Jezebel and Athaliah
Mother/Daughter Bible Study—Part Seven
Mother and Daughter and Prestige
First Kings chapter twenty-one tells a chilling story about the fate of a common man named Naboth. Naboth happened to own a desirable piece of property near the palace of Ahab and Jezebel. The property appealed to the king Ahab, so he attempted to buy the productive vineyard from Naboth. Naboth was bound legally to retain the inherited property within his family and so he did. Ahab was indignant at Naboth’s refusal to sell the vineyard and went home to his palace to pout.
Enter Jezebel. “What’s wrong, Honey?”she asked the king who was behaving more like a two year old who was unsuccessful in wresting a candy bar from the hand of a playmate.
“It’s that Naboth,” he scowled. “He still won’t sell me that vineyard and I want that vineyard!”
“Well, who is the king around here anyway?… You will have your vineyard!” Jezebel declared.
And so it was. She forged letters of subpoena that summoned Naboth before an assembly. She framed him for blasphemy and insolence before the king and demanded his execution by stoning. She murdered an innocent man. Dogs licked the blood of this noble Jezreelite who got in the way of the power-driven Jezebel.
The lesson of control at all costs was not wasted on Athaliah. Perhaps she wandered in the stolen garden. Perhaps she mused in the garden about how shrewd her folks were to have wrested the valuable vineyard from Naboth. How silly he was to think he could get in her mother’s way! Didn’t her mother always get her way, in the end?
And so Athaliah grew up with the same passion for power. As if the Omri blood had not done enough damage in its complete infection of Israel, the idolatrous Ahab household influence would also permeate the southern kingdom of Judah. Athaliah married Jehoram, king of Judah. This was likely a politically arranged marriage; the union being simply a vehicle of power for Jezebel. As the “queen wife”Athaliah followed in the footsteps of Her mother and had soon spread the idolatrous Baal worship throughout the southern kingdom. Second Chronicles twenty-one, verse six says that Jehoram walked in the ways of the kings of Israel, as the house of Ahab had done, for he married a daughter of Ahab. This marriage between Jehoram and Athaliah was a match made in hell itself, for Jehoram slew all of his brothers to insure his own accession to the throne and he carried to the throne with him the only woman alive who could rival and, yea, surpass his mother-in-law, Jezebel in her hunger for power at all costs.
Amazing, isn’t it, how the devil worked his way from Tyre, a truly godless society, through Israel via the heart of Jezebel, and now into the seed royal of Judah via the heart of Athaliah? This lineage that now claims Athaliah as its matriarch is the very seed of David; the seed through which all nations are to be blessed; the seed through which the Christ child has been promised. Satan has eliminated, by the hand of Jehoram, all of the royal family except for Jehoram himself and his descendants. And the devil has only begun to work to destroy the lineage through which the promised Messiah must come. He still has a well-trained murderess at the helm of his battleship. Her name is Athaliah.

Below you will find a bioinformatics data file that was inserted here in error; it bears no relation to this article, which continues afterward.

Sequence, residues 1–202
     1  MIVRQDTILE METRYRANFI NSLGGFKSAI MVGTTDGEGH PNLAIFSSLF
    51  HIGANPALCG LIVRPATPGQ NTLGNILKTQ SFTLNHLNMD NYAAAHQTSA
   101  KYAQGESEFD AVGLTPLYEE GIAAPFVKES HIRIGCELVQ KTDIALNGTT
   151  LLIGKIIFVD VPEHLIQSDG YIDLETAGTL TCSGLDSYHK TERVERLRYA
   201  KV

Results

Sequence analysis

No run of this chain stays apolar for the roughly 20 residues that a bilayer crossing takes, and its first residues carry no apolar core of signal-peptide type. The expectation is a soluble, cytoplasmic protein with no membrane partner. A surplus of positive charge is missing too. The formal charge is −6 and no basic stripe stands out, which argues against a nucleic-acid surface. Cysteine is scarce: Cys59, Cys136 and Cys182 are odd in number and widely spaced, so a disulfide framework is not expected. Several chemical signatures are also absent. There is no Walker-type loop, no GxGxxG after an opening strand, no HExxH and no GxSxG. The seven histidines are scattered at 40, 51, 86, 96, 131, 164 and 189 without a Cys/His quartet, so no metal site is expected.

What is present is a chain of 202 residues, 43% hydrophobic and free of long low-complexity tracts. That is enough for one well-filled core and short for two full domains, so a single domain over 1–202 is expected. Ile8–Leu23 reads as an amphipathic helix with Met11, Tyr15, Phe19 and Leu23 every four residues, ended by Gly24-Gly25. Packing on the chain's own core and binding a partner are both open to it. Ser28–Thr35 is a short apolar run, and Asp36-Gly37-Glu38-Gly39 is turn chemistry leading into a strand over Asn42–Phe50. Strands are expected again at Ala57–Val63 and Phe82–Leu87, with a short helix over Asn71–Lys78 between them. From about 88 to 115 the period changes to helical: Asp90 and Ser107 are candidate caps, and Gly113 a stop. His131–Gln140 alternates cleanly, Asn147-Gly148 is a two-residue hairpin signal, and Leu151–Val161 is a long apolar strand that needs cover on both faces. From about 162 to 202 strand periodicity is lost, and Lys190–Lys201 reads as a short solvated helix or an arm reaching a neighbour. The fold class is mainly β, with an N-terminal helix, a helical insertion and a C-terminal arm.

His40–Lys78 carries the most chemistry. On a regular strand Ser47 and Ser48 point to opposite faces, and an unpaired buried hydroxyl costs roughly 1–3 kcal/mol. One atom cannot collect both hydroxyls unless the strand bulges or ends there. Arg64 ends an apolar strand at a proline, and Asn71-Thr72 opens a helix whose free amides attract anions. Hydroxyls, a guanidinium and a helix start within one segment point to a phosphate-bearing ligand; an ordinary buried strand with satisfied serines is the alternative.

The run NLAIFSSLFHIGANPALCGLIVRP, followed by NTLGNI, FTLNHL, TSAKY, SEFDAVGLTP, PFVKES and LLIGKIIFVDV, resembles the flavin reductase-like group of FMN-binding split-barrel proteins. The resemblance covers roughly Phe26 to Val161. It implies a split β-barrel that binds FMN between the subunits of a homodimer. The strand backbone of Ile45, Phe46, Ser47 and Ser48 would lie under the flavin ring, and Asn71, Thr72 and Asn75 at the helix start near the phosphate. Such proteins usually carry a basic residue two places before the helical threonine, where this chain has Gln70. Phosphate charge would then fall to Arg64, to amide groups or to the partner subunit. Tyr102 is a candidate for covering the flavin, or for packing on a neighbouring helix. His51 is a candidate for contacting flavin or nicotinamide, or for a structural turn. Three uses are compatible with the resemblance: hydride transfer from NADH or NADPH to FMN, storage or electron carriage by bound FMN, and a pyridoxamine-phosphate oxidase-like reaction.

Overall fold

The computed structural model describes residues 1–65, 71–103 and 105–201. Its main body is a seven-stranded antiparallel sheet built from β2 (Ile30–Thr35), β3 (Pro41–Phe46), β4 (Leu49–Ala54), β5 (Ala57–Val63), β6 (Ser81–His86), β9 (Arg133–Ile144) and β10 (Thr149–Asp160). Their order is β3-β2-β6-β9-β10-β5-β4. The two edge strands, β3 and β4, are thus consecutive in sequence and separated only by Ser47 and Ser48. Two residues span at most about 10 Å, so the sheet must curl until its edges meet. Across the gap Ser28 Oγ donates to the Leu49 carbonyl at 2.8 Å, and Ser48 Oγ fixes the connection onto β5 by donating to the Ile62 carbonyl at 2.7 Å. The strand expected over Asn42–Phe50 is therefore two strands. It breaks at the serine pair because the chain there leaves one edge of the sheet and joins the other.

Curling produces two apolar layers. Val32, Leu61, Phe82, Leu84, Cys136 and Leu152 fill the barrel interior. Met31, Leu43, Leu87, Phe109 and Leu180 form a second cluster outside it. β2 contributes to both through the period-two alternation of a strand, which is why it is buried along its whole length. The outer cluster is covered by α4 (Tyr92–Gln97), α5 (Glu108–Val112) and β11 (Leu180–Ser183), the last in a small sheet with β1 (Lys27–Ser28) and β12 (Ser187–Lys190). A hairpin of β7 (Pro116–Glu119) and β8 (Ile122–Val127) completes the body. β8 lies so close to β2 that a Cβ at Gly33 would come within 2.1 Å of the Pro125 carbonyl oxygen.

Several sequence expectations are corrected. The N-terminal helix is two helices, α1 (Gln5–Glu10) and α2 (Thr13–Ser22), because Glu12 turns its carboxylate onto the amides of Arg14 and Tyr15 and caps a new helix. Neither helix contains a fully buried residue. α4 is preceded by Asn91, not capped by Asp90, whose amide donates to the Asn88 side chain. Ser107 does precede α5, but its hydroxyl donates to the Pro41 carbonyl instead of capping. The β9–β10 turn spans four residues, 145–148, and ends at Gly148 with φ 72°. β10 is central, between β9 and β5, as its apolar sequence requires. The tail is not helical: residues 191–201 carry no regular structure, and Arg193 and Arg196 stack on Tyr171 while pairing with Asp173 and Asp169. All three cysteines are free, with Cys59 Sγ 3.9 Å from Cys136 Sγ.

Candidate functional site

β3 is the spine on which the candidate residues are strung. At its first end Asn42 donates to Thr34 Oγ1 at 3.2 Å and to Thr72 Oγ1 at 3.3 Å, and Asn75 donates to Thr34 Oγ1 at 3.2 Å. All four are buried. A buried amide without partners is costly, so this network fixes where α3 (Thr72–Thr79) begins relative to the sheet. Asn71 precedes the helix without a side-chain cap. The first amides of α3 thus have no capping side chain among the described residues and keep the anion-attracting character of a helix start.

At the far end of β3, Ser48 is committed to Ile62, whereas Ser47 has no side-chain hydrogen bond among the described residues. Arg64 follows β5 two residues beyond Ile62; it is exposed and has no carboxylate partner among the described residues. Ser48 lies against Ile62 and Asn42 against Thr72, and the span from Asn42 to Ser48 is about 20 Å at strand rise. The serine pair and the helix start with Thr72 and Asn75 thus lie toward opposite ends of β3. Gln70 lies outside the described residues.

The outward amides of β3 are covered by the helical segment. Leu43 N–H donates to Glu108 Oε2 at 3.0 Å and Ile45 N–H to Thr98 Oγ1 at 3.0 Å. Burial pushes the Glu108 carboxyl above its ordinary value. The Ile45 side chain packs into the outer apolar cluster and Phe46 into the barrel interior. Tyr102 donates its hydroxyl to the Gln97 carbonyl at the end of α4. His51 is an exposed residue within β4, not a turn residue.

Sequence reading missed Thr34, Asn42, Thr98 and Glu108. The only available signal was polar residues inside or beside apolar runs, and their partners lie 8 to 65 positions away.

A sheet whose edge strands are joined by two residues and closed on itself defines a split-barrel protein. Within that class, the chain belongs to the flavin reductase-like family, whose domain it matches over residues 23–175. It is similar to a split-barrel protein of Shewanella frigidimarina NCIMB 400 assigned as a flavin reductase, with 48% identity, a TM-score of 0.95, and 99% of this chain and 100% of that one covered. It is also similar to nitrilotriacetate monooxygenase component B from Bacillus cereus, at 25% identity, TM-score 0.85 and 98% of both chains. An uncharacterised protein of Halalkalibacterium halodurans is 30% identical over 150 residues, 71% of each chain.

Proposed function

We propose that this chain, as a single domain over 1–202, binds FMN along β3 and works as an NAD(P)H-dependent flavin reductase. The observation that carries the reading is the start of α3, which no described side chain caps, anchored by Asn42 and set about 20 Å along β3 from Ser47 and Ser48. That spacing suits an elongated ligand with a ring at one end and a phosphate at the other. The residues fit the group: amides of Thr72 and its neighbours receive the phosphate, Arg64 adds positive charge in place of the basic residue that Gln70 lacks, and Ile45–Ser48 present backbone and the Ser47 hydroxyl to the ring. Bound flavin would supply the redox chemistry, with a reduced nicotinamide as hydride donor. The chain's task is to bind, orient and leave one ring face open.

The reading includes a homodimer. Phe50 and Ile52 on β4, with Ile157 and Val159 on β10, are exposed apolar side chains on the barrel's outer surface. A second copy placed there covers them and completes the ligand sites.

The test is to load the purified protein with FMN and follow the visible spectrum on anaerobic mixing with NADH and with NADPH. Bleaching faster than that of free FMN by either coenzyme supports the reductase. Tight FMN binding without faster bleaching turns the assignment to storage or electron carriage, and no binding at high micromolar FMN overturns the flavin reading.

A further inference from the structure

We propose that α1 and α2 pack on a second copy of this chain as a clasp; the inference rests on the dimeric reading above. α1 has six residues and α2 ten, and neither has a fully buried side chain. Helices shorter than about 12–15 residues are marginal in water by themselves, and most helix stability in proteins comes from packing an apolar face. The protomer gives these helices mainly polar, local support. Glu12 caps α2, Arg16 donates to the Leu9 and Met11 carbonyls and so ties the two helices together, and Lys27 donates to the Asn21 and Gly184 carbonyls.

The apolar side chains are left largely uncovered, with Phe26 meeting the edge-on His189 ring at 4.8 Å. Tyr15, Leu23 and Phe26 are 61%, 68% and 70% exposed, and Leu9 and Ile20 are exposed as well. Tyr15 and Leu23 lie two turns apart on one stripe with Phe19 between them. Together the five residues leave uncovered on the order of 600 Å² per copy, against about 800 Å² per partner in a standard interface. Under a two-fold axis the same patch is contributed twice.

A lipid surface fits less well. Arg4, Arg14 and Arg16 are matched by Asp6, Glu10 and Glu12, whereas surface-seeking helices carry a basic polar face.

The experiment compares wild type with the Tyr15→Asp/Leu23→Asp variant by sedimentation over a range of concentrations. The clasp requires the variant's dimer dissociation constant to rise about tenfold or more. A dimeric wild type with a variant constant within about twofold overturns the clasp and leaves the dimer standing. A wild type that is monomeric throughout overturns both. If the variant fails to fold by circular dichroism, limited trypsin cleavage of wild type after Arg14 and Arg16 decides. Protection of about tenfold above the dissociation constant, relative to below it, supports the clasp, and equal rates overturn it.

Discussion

Athaliah’s husband, true to the prophecy of Elijah (II Chronicles 21:12-15), dies of a slow and painful bowel disease inflicted by God because of his idolatry and the murder of his brothers. When he died, no fire was made in his honor, no regret of his passing was felt in Jerusalem, and his burial was not in the tomb of the kings.
Little matter to Athaliah, whether or not Jehoram had passed. Her son Ahaziah was made king and that was just as good or better for her purposes. After all, Ahaziah was young and impressionable. Best of all he was willing —willing to look to her for guidance and counsel. Second Chronicles twenty-two, verses three and four tell us that she actually became her son’s counselor to do wickedly. What better way to wield her power than to act behind the scenes, through her son? This queen mother was happy for her son to wear the crown, but she, like her mother, had to wear the pants! And so a great alliance between Ahabs’s son, king of Israel, and his grandson, king of Judah was formed much to the detriment of both kingdoms (II Chronicles 22:2-6). And you better believe, grandmother Jezebel was sitting pretty as she saw her wicked posterity in charge of both Judah and Israel!